Ohio District Court Denies Insurer’s Motion for Summary Judgment on Pollution Exclusion, Contribution, and Bad Faith

U.S. District Court for the Northern District of Ohio, Eastern Division, April 24, 2020

R.W. Beckett Corporation was sued in a large number of cases alleging harm from exposure to asbestos in gaskets used in oil burners Beckett produced from 1960 to 1986. For 16 years, Beckett paid its own litigation costs, but it later discovered several insurance policies that covered the relevant time periods. The insurers who issued those policies began paying Beckett’s litigation costs, dividing the costs between them in an informal cost sharing arrangement. However, Beckett then settled its claims against one group of insurers, leaving three insurers to foot 100 percent of the litigation bill. Two of them stopped paying, and Beckett sued them for breach of contract, declaratory judgment, and bad faith.

One of the insurers Beckett sued moved for summary judgment. The insurer argued that its policy included an exception to coverage for asbestos exposure liability. They further argued that if the policy did provide coverage, they were entitled to a credit or contribution equal to the limits of the policies that had settled with Beckett. Finally, they argued that their coverage position was reasonable, and therefore there was no bad faith. Additionally, the insurer moved to certify questions to the Ohio Supreme Court, the answers to which would determine the issues on its motion for summary judgment.

The insurer argued that a pollution exclusion in its policy precluded coverage for Beckett’s claim. In order for the exclusion to apply, the court had to find (1) that the underlying lawsuits alleged that asbestos from Beckett’s gaskets was “discharged, dispersed, released, or escaped”; (2) that asbestos is an “irritant, contaminant, or pollutant”; and (3) that the asbestos was discharged “into the atmosphere”, even when it was discharged in a basement rather than outside. The court answered the first two questions in the affirmative based on Ohio precedent. However, on the third issue, the court determined that the meaning of the term “atmosphere” was ambiguous in the policy. As a result, the court did not need to certify the issue to the Ohio Supreme Court, and the insurer could not obtain summary judgment.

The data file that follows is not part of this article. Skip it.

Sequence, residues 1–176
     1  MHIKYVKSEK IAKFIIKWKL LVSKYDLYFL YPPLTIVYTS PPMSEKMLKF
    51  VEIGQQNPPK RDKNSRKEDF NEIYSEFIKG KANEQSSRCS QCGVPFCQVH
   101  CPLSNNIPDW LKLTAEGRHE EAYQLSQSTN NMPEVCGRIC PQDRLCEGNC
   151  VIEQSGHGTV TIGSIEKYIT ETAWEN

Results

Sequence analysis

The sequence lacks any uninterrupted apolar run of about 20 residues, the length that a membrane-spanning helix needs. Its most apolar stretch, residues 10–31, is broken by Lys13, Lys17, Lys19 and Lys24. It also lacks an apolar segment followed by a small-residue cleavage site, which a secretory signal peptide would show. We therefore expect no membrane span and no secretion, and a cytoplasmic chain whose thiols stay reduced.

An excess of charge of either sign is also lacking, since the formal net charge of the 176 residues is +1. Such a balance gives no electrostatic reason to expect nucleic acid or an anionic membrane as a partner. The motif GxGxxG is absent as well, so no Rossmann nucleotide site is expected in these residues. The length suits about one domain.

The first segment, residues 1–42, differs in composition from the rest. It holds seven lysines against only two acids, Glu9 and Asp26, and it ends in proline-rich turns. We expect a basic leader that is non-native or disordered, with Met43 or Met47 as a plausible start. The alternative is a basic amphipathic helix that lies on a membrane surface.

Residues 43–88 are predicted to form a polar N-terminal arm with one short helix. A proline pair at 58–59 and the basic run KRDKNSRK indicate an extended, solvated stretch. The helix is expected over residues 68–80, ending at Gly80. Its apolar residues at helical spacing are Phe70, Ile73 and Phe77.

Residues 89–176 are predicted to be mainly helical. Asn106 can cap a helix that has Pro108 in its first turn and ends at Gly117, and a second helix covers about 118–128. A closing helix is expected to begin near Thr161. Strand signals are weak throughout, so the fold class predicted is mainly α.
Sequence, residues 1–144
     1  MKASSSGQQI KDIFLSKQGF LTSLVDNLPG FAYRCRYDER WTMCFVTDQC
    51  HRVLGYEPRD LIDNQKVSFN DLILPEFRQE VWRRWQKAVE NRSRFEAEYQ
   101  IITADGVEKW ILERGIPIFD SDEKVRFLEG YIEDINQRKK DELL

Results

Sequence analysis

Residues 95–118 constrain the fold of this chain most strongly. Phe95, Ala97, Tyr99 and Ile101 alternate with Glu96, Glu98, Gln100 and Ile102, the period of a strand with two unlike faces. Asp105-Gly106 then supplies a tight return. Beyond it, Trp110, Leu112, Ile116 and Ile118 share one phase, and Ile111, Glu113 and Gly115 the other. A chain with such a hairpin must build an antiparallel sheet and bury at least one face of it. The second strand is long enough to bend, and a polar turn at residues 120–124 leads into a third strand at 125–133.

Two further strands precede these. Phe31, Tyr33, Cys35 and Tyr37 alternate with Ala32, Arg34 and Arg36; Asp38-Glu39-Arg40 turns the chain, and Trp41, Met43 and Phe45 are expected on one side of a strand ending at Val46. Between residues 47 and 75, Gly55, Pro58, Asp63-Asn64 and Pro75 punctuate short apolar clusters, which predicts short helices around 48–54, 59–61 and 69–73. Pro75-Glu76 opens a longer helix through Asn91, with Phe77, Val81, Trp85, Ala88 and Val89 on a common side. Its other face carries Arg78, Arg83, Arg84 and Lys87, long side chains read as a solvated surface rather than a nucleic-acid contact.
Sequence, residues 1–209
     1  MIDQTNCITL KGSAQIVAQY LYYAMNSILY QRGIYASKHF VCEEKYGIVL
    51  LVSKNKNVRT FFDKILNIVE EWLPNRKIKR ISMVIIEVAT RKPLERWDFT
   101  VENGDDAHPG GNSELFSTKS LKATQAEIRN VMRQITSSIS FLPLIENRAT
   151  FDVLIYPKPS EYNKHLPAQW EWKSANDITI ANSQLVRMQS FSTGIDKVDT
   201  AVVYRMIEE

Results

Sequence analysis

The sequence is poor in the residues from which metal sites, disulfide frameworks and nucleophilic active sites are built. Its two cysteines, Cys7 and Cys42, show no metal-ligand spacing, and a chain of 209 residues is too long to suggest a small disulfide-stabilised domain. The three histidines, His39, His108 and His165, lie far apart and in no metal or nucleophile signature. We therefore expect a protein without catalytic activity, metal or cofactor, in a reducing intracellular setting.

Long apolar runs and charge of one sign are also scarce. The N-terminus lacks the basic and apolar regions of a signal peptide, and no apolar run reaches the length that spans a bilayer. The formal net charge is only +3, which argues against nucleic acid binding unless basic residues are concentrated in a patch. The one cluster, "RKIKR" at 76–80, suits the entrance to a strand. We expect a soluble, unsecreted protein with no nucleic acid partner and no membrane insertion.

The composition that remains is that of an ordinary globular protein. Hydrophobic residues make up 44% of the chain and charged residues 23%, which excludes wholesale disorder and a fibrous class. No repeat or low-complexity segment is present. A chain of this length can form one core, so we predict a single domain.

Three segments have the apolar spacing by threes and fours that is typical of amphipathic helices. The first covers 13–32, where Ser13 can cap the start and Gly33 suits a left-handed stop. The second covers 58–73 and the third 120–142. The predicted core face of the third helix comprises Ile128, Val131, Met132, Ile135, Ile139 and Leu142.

The court also denied the insurer’s motion for summary judgment on the contribution and bad faith issues. The court held that the insurer could not show that Beckett would receive a double recovery in the absence of a credit or contribution for Beckett’s settlement with the other insurer group. Additionally, because the insurer had stopped payment on all claims after Beckett’s settlement, instead of merely delaying payment, and did not warn Beckett before stopping payment, the court determined that the insurer was not entitled to summary judgment on Beckett’s bad faith claim.

Read the case decision here.